Mysteries of Chicago (Part One)

It has been about three months since Marcia moved to Chicago, with me following behind her a few weeks later. We then moved from temporary housing into our long-term apartment about a month ago, so we’re starting to feel settled in our work and residence, and are beginning to develop the routines and identify the favorites that make a place feel like home. We’re figuring the City out, and enjoying the experience.

That being said: there are still some things about Chicago that remain mysterious to us. Here are some of the early, obvious ones for us — though I am sure there will be many more to follow. Any help or perspective from long-time Chicagoan to get these things figured out, or are they actually mysterious to the natives too?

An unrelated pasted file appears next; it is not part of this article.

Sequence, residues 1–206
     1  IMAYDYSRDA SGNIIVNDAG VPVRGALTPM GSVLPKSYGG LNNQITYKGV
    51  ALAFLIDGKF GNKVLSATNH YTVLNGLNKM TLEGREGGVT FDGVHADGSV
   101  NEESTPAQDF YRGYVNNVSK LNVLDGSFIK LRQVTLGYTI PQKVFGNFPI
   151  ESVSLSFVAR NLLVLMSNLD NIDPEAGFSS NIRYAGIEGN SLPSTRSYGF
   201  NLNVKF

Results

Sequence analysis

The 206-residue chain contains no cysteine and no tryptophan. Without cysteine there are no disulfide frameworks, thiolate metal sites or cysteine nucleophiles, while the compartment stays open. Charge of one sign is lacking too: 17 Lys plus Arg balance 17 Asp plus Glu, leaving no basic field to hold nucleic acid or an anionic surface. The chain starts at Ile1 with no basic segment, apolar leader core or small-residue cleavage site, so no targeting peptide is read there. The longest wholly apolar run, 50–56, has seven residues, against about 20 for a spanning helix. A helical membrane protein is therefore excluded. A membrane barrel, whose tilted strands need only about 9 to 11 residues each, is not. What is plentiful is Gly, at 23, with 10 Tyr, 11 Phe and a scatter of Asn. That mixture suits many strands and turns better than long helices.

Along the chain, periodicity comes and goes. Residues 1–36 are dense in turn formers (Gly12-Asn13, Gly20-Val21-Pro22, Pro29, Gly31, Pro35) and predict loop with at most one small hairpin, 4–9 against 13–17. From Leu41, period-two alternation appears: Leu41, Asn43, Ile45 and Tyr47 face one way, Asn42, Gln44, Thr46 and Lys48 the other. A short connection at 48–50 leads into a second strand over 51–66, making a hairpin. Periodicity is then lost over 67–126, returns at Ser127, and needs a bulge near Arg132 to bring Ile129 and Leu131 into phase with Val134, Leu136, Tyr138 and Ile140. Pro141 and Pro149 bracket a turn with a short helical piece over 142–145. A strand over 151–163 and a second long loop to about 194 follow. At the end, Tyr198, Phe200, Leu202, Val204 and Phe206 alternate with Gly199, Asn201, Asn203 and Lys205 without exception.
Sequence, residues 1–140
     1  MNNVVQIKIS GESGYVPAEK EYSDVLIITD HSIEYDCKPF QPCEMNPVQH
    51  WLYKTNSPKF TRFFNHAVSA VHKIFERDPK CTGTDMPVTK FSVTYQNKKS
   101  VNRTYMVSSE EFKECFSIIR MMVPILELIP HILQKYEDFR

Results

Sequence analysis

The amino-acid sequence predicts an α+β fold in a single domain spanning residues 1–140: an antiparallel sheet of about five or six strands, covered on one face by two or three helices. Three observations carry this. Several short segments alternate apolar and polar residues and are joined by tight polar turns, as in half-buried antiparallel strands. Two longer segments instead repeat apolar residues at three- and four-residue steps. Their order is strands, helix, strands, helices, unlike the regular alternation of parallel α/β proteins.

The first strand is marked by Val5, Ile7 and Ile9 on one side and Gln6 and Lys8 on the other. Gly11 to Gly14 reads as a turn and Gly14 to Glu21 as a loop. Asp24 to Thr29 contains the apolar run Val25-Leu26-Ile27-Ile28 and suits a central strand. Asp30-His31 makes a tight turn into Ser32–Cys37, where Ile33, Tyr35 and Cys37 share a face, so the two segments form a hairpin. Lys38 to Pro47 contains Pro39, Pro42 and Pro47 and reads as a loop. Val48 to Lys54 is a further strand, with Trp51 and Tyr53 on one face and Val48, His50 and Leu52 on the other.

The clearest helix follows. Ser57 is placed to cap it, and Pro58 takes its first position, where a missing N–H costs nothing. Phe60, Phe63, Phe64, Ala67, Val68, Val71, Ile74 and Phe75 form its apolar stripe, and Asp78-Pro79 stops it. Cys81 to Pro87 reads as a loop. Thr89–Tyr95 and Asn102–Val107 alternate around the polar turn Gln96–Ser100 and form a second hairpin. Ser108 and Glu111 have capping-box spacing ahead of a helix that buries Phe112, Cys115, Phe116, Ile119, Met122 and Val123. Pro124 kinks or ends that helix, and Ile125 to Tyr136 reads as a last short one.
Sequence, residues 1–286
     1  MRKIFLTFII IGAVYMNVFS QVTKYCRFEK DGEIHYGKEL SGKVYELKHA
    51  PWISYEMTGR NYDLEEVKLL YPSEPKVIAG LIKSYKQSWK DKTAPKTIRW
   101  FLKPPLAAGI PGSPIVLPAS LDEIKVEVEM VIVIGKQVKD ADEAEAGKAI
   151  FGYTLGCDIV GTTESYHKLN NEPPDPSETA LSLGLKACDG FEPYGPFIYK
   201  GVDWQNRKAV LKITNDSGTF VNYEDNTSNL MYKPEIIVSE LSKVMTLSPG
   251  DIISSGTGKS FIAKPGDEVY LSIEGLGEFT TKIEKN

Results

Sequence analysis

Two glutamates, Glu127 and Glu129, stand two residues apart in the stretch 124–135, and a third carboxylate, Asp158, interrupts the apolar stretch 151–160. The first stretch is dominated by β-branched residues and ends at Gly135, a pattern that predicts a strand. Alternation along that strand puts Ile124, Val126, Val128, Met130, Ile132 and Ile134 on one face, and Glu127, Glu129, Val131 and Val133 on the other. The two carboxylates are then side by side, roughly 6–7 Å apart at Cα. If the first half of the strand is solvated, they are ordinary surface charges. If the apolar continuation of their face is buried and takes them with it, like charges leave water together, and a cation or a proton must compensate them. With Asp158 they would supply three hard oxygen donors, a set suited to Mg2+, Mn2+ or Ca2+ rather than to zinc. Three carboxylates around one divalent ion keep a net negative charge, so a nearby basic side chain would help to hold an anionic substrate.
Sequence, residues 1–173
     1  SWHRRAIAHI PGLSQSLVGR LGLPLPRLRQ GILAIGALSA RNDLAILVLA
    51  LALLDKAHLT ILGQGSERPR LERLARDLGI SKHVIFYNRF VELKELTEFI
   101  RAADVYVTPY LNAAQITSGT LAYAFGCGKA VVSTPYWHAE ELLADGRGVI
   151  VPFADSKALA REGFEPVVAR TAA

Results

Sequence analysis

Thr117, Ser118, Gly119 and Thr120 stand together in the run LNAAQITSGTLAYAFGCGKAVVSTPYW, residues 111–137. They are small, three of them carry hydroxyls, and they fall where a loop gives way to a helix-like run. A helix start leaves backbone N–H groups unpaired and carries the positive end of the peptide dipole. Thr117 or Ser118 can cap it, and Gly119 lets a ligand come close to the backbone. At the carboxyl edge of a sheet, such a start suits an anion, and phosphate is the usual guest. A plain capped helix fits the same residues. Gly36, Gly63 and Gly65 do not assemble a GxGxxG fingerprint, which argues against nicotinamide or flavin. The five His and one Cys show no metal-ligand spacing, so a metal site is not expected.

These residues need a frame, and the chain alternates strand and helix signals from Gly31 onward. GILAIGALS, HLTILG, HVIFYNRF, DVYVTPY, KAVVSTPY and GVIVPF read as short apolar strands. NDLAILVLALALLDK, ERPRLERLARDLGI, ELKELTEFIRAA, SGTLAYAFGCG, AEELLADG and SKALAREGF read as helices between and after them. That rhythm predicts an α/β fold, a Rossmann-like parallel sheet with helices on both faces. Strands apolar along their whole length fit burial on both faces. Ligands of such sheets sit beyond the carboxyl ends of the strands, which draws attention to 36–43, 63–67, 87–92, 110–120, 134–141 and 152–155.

1. Why do the streets in the Loop named after Presidents exclude Jefferson and favor John Quincy Adams’ place in the sequence over that of his father?
  2. Why is eating breakfast out such a big deal here, with people patiently waiting in line well over an hour for a pancake?
  3. Does the Purple Line really exist, and if so, why would anybody get on it?
  4. Why the obsession with caramel and cheese popcorn being mixed together, creating an end product that tastes like Captain Crunch with a yeast infection?
  5. Why do street lane lines appear to have been painted by a drunken random number generating robot?
  6. Why are pizzas made out of pie crust, and why are the toppings all out of order?
  7. Why is the City’s most famous, most trafficked downtown Avenue named after the state on the other side of the Lake? And for that matter, why is the Lake named after that place, too?
  8. Why is the per ounce price for meat at  Chicago Steak Houses similar to that of many precious metals?
  9. How did the Chicago political machine produce Chicago, while the Albany political machine produced Albany?
  10. Bicycles on the sidewalks? Really?
That's just wrong, Chicago.

That’s just wrong, Chicago.

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